Lidocaine iontophoresis mediates analgesia in lateral epicondylalgia treatment

Thomas E Yarrobino, John H Kalbfleisch, Kenneth E Ferslew, Peter C Panus

The purpose of this investigation was to examine the clinical use of lidocaine iontophoresis-mediated analgesia in a larger treatment algorithm for five patients with lateral humeral epicondylalgia. The investigation was a case series design of five subjects who received cryotherapy, cross-fibre massage and passive stretch at each treatment session. Between sessions analgesia was provided by an 80 mA-min low-current, long-duration lidocaine iontophoresis over a 24-hour period. Patients were treated on an every-other-day basis for a total of three treatment sessions. The authors concluded that pain associated with lateral epicondylalgia decreased, and function improved in all patients at the final measurement. They state that this investigation documents the potential for analgesia provided by lidocaine iontophoresis in the rehabilitation process of musculoskeletal dysfunction.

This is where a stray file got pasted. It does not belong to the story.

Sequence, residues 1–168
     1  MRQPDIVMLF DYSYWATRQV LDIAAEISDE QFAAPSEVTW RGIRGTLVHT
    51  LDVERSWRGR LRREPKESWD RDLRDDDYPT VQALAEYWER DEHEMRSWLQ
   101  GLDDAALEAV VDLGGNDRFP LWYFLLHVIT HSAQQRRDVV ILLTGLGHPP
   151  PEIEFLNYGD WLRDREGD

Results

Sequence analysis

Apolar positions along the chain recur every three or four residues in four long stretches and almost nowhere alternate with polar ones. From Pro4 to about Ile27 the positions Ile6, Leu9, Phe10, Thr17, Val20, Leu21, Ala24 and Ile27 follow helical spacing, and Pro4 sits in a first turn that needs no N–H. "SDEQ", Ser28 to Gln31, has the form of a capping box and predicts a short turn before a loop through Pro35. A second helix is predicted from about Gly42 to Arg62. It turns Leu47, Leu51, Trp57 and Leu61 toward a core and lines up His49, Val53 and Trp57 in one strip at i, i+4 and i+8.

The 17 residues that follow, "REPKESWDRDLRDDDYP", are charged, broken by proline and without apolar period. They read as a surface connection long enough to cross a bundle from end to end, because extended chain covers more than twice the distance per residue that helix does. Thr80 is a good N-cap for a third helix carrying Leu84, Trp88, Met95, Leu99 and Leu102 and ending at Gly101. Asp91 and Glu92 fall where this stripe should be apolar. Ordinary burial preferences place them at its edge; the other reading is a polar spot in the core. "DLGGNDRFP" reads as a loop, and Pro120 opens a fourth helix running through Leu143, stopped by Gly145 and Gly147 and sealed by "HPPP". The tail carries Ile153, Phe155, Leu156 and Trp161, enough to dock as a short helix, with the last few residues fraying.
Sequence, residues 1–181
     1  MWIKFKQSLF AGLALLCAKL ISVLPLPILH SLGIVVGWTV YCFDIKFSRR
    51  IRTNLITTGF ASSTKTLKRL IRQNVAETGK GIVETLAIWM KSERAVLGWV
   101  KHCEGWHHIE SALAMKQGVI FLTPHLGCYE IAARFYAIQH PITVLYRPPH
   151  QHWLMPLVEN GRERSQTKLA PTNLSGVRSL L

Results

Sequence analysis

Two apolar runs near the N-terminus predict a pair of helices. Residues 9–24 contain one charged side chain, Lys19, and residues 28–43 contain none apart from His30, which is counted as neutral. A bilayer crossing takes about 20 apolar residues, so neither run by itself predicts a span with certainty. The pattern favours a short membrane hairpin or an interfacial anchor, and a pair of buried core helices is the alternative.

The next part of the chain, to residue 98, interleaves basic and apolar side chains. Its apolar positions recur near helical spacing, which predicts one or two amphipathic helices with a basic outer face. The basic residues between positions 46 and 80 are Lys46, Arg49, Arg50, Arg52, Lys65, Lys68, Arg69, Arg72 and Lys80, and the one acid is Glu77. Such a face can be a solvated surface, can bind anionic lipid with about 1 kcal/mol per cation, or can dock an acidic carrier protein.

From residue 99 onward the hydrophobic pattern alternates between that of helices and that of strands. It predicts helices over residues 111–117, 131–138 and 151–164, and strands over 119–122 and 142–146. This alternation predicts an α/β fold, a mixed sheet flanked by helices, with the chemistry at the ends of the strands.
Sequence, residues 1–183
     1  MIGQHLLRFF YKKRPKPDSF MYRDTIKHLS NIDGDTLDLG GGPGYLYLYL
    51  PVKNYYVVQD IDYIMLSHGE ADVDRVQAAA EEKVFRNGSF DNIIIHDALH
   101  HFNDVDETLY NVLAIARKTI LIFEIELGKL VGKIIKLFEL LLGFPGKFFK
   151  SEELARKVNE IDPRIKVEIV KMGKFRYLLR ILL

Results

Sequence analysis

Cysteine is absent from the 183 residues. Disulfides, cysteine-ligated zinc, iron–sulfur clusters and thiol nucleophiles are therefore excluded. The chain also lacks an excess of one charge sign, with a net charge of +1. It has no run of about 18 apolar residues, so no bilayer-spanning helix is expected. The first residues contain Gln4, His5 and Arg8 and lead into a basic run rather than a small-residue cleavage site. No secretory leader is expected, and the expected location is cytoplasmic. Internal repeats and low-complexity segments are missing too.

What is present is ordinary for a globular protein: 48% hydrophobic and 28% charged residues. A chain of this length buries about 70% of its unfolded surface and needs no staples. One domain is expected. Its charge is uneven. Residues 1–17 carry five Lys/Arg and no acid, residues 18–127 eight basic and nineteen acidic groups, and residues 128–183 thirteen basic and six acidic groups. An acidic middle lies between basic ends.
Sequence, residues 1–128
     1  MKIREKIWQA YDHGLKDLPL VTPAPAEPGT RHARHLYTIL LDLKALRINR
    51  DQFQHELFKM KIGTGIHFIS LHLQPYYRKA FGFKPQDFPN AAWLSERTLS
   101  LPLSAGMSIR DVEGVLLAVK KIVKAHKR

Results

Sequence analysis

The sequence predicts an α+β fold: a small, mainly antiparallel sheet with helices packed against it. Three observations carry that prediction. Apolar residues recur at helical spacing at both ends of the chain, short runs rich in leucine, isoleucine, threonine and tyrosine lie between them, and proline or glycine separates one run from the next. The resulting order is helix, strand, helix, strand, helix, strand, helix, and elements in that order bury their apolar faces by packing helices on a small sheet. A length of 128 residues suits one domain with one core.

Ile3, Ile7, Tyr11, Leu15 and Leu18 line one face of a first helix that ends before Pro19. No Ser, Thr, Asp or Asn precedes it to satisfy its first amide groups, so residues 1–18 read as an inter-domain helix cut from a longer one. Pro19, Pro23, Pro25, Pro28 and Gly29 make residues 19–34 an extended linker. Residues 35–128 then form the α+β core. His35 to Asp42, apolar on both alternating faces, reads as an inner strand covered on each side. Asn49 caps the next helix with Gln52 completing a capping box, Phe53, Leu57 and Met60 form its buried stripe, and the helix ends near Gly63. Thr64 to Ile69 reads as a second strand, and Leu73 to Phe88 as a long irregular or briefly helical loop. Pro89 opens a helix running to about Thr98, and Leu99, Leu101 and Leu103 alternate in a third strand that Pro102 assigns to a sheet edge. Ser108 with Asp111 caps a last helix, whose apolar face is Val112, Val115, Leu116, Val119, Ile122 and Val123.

Physiotherapy Research International, Volume 11, Issue 3, Pages 152 – 160

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Neck Pain

Out of all 291 conditions studied in the Global Burden of Disease 2010 Study, neck pain ranked 4th highest in terms of disability and 21st in terms of overall burden.

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